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Brownfield boost prioritised in pre-election plans to address housing crisis

By Robyn Evans
13 February 2024
Planning Communications and Consultation
Public Affairs

The UK Government has today announced a series of proposed changes to the planning system intended to facilitate the development of housing on brownfield sites, while protecting the Green Belt.

Under the reforms, which are being spearheaded by Michael Gove, every council in England will be told to prioritise brownfield developments and instructed to be less bureaucratic and more flexible in applying policies that halt housebuilding on brownfield land.

The bar for refusing brownfield plans is also set to be made higher for big city councils which are failing to hit their locally agreed housebuilding targets. Planning authorities in England's 20 largest cities and towns will be made to follow a 'brownfield presumption', if housebuilding drops below expected levels.

In other measures, new legislation will extend current Permitted Development Rights to allow commercial buildings of any size to be converted into new homes. The government is also launching a consultation on proposals to remove extensions or large loft conversions from the process of receiving planning permission.

The government’s initiative is based on a recommendation from a panel of experts commissioned to review London’s housing plans. Published today, the London Plan Review report shows that new brownfield presumption in the capital could result in up to 11,500 additional homes per year.

This principle is now set to be applied more broadly across the UK’s major urban areas to ‘turbocharge’ housing delivery and support sustainable growth. A consultation on the proposals will run until 26 March, with the government looking to implement the proposed changes to national planning policy imminently.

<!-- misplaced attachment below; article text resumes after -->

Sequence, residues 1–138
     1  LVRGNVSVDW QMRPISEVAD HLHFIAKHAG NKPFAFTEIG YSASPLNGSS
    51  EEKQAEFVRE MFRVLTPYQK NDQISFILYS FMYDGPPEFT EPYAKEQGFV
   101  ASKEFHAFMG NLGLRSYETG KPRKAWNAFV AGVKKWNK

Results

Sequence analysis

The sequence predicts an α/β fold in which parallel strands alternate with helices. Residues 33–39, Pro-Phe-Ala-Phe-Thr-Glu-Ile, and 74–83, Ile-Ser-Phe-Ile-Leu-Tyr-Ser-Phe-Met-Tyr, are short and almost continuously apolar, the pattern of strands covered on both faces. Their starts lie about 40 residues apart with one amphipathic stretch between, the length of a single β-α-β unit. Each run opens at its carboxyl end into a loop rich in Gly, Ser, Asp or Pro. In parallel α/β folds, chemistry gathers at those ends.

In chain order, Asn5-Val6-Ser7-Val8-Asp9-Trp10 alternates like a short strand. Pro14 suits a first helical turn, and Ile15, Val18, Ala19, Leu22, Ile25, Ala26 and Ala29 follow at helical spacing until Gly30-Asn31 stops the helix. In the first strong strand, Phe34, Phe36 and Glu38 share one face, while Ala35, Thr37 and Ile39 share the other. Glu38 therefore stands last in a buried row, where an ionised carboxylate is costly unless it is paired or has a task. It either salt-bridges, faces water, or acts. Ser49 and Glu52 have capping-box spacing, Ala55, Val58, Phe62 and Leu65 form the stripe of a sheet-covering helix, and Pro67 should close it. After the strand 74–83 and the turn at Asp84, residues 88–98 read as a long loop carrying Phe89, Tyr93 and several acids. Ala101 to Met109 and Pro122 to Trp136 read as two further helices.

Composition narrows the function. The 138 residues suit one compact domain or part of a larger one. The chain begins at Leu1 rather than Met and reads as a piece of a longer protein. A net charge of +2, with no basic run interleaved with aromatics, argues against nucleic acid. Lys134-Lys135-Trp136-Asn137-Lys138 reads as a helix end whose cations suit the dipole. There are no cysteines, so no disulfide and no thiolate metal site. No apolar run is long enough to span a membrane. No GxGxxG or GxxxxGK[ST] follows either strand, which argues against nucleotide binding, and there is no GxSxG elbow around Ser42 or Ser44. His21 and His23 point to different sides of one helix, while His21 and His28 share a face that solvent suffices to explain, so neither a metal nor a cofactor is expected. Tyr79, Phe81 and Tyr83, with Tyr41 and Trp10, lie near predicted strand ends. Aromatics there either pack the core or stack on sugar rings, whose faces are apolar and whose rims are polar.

The move comes amid growing political pressure over the government’s failure to reach its housing targets. In its 2019 manifesto, the Conservative government pledged to build "300,000 homes a year by the mid-2020s". In both 2021-22 and 2022-23 the figures were just under 235,000 a year. The manifesto also pledged to build at least a million more homes by the end of this Parliament.

With polls showing that support for the Conservatives is collapsing among younger voters, and the Prime Minister recently admitting that the Conservatives have much more to do to help young people get on the housing ladder, Rishi Sunak will be well aware that the housing crisis could negatively affect his party’s chances at the next General Election. By only changing the rules in the 20 biggest cities, the government’s latest policy is aimed at attempting to appeal to younger, aspirational voters keen to get on the housing ladder, avoiding the places where the government last had a planning row represented by their own MPs.

Commenting on today’s announcement, Labour’s Angela Rayner stated: “A threadbare announcement consisting of old, failed policies and minor tweaks to brownfield planning policy is not going to paper over Rishi Sunak and Michael Gove’s reckless decision to capitulate to anti-housebuilding Tory backbenchers.”

The Shadow Housing Secretary said the plans to reform planning rules for brownfield sites are a “rehash” of old ideas, and whilst industry reaction has been altogether more positive, it is fair to say there is widespread scepticism that these measures will go far enough to tackle the housing shortage.    

UK housebuilders have broadly welcomed the plans but pointed out that further financial support would be needed given the complexities and costs that come with brownfield regeneration. Whether this policy will make a material difference to housing numbers remains to be seen. Speaking on BBC Radio 4’s Today programme, Housing Minister Lee Rowley refused to be drawn on a “numbers game” over any new target in the buildup to a General Election later this year.

Whilst this announcement is likely to have a positive impact in terms of assisting delivery of housing, particularly for SMEs as brownfield sites are often located in sustainable locations, brownfield development itself cannot be the panacea to solve the housing crisis.

Further measures will be needed, and the right balance will need to be struck between reducing red tape and bureaucracy and placing importance on ensuring we are building the right houses, in the right places and to the highest standards and quality. Given the Budget is set to be announced in just over 3 weeks, and we saw how Michael Gove has attempted to bounce No.10 and the Treasury into providing a boost in funding to match today’s ambitions, there may be more to come on 6 March.